The answer to that question, and to the question of whether or not such a promise is feasible, will have to wait until we get more information. But the fact that Trump is looking at a friendly legislative scenario makes it possible that his plan could become a reality should he make a serious effort to push it. That outcome assumes, of course, that he intends to keep his word and can find a way to work with the shattered Republican factions in Congress—and with Democrats, who will, given the way Congress functions and the narrow margin Republicans are working with in the Senate, likely still be vital to any successful political push on education. We shall see. You can bet I’ll have some opinions on this front if and when this dream comes to fruition.
Finally, what happens to the U.S. Department of Education? In short, I have absolutely no idea. Trump has stated that he “may cut” the department while he works to cut spending. In many ways, that could be a very good thing. We certainly don’t want to risk a return to an era of massive federal overreach, most recently exemplified by the Obama Administration’s weaponized No Child Left Behind waivers (which have, thanks to the new Every Student Succeeds Act, gone the way of the dinosaurs). And there are few things I’d like more than see Obama’s Office of Civil Rights transformed into something other than a meddling influence more interested in witch hunts like the ones in Louisiana and Wisconsin than in pushing for real solutions for underserved students.
As Colorado and states across the country work to create plans under ESSA, it would certainly be helpful to have a Department of Education that truly believes in allowing maximum latitude for states to determine their own educational destinies. Or at least a department that doesn’t practically rewrite the legislation in a way that worries both Congress and state leaders by restricting the flexibility ESSA was designed to create.
But—and I know some of you will likely attempt to inflict serious harm on me for saying this—not everything the U.S. Department of Education and its offshoots do is bad. For instance, the National Center for Education Statistics (NCES) compiles extremely helpful student performance data through the National Assessment of Educational Progress (NAEP). NCES also collects and maintains education spending data that can help us make good decisions when it comes to education funding. My policy friend Ross Izard recently used both NAEP and NCES spending data to shed light on the complicated education funding debate in Colorado. The Department of Education also gathers data in a number of other important areas, and commissions and/or funds a lot of research that can be very helpful.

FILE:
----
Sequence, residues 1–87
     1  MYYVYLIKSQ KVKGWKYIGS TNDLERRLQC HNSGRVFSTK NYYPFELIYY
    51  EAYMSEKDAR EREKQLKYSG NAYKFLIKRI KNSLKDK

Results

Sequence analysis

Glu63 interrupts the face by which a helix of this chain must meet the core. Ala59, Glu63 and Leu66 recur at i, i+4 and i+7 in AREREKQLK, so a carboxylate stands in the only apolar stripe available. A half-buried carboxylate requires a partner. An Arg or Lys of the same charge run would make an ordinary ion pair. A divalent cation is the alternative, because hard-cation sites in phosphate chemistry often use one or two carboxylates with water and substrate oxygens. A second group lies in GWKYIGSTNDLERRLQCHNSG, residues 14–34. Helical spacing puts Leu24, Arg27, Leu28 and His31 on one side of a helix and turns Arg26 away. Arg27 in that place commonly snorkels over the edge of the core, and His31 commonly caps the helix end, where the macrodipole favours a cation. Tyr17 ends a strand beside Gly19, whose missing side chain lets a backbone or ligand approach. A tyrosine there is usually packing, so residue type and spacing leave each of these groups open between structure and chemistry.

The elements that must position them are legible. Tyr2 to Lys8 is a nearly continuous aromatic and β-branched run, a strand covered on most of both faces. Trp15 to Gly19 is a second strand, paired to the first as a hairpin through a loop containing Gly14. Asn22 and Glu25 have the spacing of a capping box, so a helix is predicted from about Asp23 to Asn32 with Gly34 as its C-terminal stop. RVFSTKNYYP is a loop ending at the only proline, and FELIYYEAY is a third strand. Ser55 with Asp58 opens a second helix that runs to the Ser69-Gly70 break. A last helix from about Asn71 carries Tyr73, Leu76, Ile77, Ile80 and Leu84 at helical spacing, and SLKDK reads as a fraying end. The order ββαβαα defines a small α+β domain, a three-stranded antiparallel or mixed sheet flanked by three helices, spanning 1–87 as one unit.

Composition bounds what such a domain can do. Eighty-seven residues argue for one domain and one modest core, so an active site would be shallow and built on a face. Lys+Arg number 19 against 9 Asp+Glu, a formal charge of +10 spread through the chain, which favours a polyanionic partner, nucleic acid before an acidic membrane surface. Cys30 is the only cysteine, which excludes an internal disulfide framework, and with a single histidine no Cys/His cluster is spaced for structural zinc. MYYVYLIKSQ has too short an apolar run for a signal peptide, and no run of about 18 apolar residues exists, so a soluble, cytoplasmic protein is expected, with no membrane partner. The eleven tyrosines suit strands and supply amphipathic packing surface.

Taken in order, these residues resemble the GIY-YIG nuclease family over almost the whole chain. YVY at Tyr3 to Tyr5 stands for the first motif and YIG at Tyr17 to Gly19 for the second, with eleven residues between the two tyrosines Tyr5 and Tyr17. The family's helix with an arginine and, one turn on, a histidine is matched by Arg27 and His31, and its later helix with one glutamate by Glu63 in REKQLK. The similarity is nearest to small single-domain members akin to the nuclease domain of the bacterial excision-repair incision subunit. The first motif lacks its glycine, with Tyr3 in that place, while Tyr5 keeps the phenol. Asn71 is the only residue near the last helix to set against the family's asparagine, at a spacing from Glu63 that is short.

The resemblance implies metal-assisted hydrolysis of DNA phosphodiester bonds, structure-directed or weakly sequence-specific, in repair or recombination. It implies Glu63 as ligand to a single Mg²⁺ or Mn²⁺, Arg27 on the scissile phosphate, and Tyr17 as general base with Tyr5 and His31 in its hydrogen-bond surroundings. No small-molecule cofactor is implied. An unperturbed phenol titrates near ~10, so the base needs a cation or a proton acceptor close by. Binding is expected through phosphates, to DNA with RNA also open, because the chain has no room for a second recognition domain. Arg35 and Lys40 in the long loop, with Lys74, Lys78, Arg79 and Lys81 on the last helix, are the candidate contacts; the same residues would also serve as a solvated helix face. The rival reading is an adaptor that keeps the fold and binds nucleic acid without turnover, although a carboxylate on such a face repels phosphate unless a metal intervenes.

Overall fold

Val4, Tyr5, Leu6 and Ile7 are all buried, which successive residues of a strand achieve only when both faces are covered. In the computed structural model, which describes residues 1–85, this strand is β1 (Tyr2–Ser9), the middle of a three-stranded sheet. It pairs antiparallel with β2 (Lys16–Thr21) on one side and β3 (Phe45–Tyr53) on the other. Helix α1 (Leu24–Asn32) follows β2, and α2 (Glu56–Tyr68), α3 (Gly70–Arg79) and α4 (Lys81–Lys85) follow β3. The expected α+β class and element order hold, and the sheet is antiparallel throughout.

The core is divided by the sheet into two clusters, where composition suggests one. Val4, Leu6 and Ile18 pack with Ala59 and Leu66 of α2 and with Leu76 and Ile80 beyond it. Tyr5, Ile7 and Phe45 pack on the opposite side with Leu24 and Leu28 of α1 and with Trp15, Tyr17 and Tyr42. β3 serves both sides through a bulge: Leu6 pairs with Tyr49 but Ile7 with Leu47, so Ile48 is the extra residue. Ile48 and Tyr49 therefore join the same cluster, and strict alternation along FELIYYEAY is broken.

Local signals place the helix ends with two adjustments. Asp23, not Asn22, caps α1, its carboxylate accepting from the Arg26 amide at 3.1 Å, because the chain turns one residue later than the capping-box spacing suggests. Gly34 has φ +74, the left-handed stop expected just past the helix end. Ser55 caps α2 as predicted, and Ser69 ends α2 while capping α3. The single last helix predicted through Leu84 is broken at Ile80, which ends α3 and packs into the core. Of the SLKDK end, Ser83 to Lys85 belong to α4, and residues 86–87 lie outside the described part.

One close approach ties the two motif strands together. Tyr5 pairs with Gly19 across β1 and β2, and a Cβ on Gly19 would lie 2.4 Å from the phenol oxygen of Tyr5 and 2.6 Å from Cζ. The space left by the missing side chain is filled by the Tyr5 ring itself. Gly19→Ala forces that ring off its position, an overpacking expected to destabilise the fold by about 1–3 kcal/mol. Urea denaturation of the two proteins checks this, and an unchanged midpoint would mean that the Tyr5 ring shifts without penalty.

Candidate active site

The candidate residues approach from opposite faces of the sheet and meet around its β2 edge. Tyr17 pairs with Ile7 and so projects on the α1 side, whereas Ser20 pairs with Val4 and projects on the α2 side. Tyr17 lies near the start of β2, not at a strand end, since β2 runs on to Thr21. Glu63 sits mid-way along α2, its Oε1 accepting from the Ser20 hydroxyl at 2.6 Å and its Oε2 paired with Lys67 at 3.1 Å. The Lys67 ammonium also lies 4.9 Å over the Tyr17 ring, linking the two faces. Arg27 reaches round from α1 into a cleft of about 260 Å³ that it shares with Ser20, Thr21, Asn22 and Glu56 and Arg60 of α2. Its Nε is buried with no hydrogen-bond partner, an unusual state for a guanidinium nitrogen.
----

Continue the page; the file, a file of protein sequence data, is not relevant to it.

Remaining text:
And, of course, there’s the matter of the hundreds of millions of dollars in federal funding Colorado schools and districts gleefully take from the federal government each year. Many schools and districts now have budgets that are dependent on the continued flow of federal money, which is a major part of why we’ve found ourselves in our current predicament. I’d be very open to a discussion about how we could reduce this kind of financial dependence, but we should also be honest about the situation. It’s more than a little unrealistic to tell the feds to get out of our business while we continue to rely so deeply on federal money to make our education system work.
None of that is to say that we couldn’t or shouldn’t significantly scale back the department and limit its reach. Unquestionably, education should be the purview of the states. But Trump’s cutting should be done thoughtfully, and there are other interesting scenarios to consider. Trump’s running mate, Mike Pence, has been a strong advocate for choice in his home state of Indiana. Allowing the new vice president to help shape education policy could lead to some very interesting developments. Similarly, a strong pick for secretary of education that seriously redefines and redirects the department could lead to significant improvements.
All of this is conjecture at this point. I hate to say “wait and see,” but that’s all I can say at this point. The world is still trying to pick up its collective jaw after what happened last night. It’s going to take a long, long time to fully dissect the results and what they mean. Sadly, if history is any indication, education will likely not be one of the primary areas people focus on in the early months of the new presidency. But the conversations are coming, and it always pays to be prepared.
Enjoy your first day of freedom from campaign messaging. I’ll see you back here later this week!